Block on Trump's Asylum Ban Upheld by Supreme Court
Youth aged 9 to 21 will get their day in court in a climate-change case, and not in a moot-court sort of way.
In Juliana et al v. United States, the young plaintiffs want the federal government to change the way it deals with global warming and fossil fuels. The U.S. Ninth Circuit Court of Appeals announced it will hear arguments about whether to push the case towards trial.
The Trump administration filed a petition to stay discovery in the case and to dismiss it instead. If denied, the administration may have to confront scientific evidence the President has already dismissed.
President Trump doesn't believe the scientific evidence supporting global warming.
"The concept of global warming was created by and for the Chinese in order to make U.S. manufacturing non-competitive," he tweeted.
In the suit funded by Our Children's Trust, environmental attorneys argue the government has known for half a century that fossil fuels cause climate change. They allege the government has breached the public trust to prevent the resulting environmental degradation.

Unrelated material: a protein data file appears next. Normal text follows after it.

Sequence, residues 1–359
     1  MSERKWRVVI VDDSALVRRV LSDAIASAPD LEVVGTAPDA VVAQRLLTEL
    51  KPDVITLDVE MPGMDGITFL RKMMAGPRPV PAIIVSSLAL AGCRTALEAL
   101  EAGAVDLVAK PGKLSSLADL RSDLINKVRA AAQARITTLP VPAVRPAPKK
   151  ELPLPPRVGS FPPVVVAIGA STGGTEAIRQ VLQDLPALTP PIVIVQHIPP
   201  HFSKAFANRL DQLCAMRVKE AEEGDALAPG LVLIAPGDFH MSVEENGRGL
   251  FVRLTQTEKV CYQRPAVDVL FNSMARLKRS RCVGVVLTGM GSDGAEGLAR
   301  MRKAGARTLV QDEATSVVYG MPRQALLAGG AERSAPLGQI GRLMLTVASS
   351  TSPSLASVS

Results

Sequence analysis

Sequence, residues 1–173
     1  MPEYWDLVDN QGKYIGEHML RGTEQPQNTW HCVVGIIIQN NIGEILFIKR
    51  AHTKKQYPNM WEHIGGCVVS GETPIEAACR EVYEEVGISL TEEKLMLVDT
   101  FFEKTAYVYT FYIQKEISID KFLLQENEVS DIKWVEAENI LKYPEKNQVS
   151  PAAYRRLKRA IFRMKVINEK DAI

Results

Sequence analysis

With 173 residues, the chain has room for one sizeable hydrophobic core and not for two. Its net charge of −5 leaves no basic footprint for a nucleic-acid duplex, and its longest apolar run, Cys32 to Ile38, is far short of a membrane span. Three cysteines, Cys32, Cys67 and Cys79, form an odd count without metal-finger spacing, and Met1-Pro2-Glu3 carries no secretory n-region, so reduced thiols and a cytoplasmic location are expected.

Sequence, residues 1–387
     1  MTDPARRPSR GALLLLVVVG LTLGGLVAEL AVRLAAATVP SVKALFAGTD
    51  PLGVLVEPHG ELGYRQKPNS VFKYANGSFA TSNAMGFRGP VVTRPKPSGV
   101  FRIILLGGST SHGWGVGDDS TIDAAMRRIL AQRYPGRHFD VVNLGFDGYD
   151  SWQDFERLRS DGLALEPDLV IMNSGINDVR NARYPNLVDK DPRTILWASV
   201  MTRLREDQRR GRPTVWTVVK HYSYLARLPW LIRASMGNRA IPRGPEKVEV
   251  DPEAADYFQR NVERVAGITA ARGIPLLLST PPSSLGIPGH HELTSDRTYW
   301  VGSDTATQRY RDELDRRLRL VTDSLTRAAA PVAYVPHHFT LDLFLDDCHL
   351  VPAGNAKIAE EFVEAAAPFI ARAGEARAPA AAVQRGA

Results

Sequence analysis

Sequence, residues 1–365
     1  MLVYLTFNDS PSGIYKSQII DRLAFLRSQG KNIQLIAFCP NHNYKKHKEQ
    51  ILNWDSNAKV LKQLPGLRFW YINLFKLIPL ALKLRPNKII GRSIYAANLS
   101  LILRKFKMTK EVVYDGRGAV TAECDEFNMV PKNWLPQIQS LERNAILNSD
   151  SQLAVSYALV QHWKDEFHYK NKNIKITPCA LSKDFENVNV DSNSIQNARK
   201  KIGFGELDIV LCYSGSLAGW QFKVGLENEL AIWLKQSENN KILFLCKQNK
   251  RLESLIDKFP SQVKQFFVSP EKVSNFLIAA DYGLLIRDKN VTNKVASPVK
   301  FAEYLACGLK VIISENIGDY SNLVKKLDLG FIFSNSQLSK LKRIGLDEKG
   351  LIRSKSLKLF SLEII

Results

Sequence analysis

U.S. District Judge Ann Aiken set a trial date for Feb. 5, 2018, in Eugene, Oregon, but the administration filed a mandamus petition to stop it or at least slow it down.
In its petition to the Ninth Circuit, the government argued that the plaintiffs' discovery demands were overly burdensome. The appeals court invited the trial court to respond.
"In short, we do not believe that the government will be irreversibly damaged by proceeding to trial," Aiken wrote, joined by Magistrate Judge Thomas Coffin. "Indeed, we believe that permitting this case to proceed to trial will produce better results on appeal by distilling the legal and factual questions that can only emerge from a fully developed record."
The appeals panel will hear oral arguments on Dec. 5, 2017.